Laws About Child Support and Visitation in the State of Minnesota

By Elizabeth Rayne

In Minnesota, the court presumes that it is in the best interest of the child to spend time with both of her parents and receive the same amount of financial support she received before her parents divorced. So long as your child spends at least 10 percent of her time with you, courts in Minnesota may lower your child support obligation.

Custody Overview

Minnesota courts may award physical or legal custody to either or both parents. Physical custody refers to where the child lives and which parent makes day-to-day decisions for the child. Legal custody refers to which parent makes major decisions for the child, such as issues regarding health care, education or religion. The court may award joint physical or legal custody to both parents, sole legal or physical custody to one parent, or both. The court will determine the custody arrangement based on what is in the best interest of the child and consider any relevant evidence that may suggest one parent is more fit to take care of the child than the other.

Parenting Time

Minnesota law refers to visitation as "parenting time." Generally, the parent who does not have physical custody is awarded parenting time if the court finds it is in the best interest of the child. The court may set a specific schedule for when the non-custodial parent will have time with his child. The court is likely to grant parenting time when requested, unless the court finds that the child's emotional or physical health is at risk. However, the court also has the option of ordering supervised visitation and have someone else present during parenting time.

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Child Support Overview

In Minnesota, the child is entitled to receive financial support from both parents. The state uses the "income shares formula," meaning the court will consider the income and income potential of both parents. In the state, there is a presumption that both parents are able to work and the court will consider education, training and other evidence that demonstrates the income potential of each parent. The court will look at the combined income of the parents to determine the basic support amount based on the number of children. The court will then consider the percentage each parent contributes to this combined parental income to determine each parent's support obligation. If the support obligation from one parent is higher than the support obligation of the other, he may be ordered to pay the difference to the other parent. After determining the basic support amount, which provides for the basic living and education expenses of the child, the court can adjust the child support obligation to add in medical care and child care expenses.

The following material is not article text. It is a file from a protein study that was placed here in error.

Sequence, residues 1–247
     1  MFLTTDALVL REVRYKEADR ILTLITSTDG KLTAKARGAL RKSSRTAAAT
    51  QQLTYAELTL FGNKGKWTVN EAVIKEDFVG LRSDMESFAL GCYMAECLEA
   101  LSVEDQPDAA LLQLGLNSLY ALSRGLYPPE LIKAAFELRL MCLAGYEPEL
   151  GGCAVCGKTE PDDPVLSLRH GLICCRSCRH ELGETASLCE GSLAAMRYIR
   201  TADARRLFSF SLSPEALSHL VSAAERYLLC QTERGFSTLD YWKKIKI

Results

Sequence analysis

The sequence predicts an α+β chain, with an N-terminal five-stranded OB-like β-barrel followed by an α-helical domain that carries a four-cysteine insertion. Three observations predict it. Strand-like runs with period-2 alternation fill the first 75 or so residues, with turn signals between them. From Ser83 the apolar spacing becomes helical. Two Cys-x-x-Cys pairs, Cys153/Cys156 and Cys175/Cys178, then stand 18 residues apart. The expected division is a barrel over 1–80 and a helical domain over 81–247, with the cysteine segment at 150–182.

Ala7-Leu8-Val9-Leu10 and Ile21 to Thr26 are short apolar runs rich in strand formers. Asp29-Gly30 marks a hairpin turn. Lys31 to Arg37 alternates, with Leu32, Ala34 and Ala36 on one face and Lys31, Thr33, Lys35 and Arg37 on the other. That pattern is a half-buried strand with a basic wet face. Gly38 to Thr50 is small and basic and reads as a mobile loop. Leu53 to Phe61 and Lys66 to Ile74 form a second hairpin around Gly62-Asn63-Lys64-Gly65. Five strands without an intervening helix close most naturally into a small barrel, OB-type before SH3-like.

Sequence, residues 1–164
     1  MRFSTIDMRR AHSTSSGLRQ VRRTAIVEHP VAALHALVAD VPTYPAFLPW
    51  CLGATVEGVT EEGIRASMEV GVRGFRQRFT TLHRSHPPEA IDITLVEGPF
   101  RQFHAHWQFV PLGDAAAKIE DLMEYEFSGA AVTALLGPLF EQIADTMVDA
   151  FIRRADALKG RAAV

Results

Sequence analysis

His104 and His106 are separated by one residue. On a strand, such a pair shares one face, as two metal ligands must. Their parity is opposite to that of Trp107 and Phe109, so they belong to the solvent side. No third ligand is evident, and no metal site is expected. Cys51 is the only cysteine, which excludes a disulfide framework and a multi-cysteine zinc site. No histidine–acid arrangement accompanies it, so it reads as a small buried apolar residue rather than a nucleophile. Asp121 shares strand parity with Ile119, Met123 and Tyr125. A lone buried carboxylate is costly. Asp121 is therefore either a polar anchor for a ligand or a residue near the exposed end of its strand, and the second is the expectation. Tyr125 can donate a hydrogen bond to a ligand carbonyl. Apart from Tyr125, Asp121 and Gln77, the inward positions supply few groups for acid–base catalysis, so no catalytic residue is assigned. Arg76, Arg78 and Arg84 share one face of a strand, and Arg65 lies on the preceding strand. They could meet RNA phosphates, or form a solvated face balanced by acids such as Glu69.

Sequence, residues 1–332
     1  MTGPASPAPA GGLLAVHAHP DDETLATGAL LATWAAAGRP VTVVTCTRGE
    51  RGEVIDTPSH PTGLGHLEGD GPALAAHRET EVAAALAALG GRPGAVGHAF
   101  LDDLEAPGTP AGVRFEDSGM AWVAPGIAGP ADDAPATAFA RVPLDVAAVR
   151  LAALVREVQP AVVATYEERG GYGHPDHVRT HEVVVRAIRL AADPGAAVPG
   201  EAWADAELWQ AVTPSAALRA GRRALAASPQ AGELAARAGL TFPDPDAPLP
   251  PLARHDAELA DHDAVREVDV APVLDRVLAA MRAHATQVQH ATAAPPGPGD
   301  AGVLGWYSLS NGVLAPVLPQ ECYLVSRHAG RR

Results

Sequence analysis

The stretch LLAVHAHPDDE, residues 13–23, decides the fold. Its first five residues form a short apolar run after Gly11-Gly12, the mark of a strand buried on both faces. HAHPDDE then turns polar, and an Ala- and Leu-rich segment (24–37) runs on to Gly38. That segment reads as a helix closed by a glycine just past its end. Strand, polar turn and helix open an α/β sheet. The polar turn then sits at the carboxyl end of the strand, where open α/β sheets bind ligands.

Support and Visitation

The basic support determination may be adjusted based on parenting time, with the court considering the percentage of time the child spends with each parent. If the child spends between 10 to 45 percent of his time with one parent, that parent's child support obligation may be reduced by 12 percent. However, if the child spends less than 10 percent of his time with the paying parent, the child support obligation will not be adjusted. The court will generally calculate the percentage of time spent with each parent based on the number of overnights per year.

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Massachusetts' Child Support Laws


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Wisconsin Child Support Laws When the Custodial Parent Moves

In Wisconsin, courts award a combination of custody -- legal and physical -- according to the child’s best interests. Legal custody is the right to make important decisions for the child, while physical custody, called physical placement in Wisconsin, is the day-to-day care of the child. The child’s visitation with the noncustodial parent is referred to as “periods of placement.” When the custodial parent moves, the noncustodial parent has the option of challenging the move, but the move, if allowed, may impact periods of placement and child support.

New York Statute for Visitation

The best interests of the child is paramount in determinations of child custody in New York. To that end, it is preferable that parents reach a voluntary agreement instead of going to court. However, if they cannot reach an agreement, the court will make a determination as to both legal and physical custody, with the nonresidential parent generally provided visitation rights as part of sole custody orders. Further, the court may be petitioned when issues with visitation arise and the parents cannot agree.

Kentucky Child Vistitation Laws

Although divorced parents in Kentucky often share legal custody of their children, they don't typically share physical custody. For the parent without physical custody, a visitation schedule protects that parent's right to spend time with the child. Parents should know the Kentucky laws regarding custody rights and related legal issues, such as child support or grandparent visitation.

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